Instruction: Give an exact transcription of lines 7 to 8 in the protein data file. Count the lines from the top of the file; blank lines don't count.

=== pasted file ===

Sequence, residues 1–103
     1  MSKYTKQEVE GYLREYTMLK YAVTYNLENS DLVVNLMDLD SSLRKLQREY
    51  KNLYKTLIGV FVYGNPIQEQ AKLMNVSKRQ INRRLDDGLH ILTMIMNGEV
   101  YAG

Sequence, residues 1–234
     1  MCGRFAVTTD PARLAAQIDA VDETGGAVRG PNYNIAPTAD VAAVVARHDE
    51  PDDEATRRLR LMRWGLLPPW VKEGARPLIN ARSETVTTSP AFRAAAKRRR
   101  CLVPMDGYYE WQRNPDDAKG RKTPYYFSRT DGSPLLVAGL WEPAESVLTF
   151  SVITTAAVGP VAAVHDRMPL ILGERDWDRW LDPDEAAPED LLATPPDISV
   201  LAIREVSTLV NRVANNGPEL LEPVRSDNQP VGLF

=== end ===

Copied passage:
    51  PDDEATRRLR LMRWGLLPPW VKEGARPLIN ARSETVTTSP AFRAAAKRRR
   101  CLVPMDGYYE WQRNPDDAKG RKTPYYFSRT DGSPLLVAGL WEPAESVLTF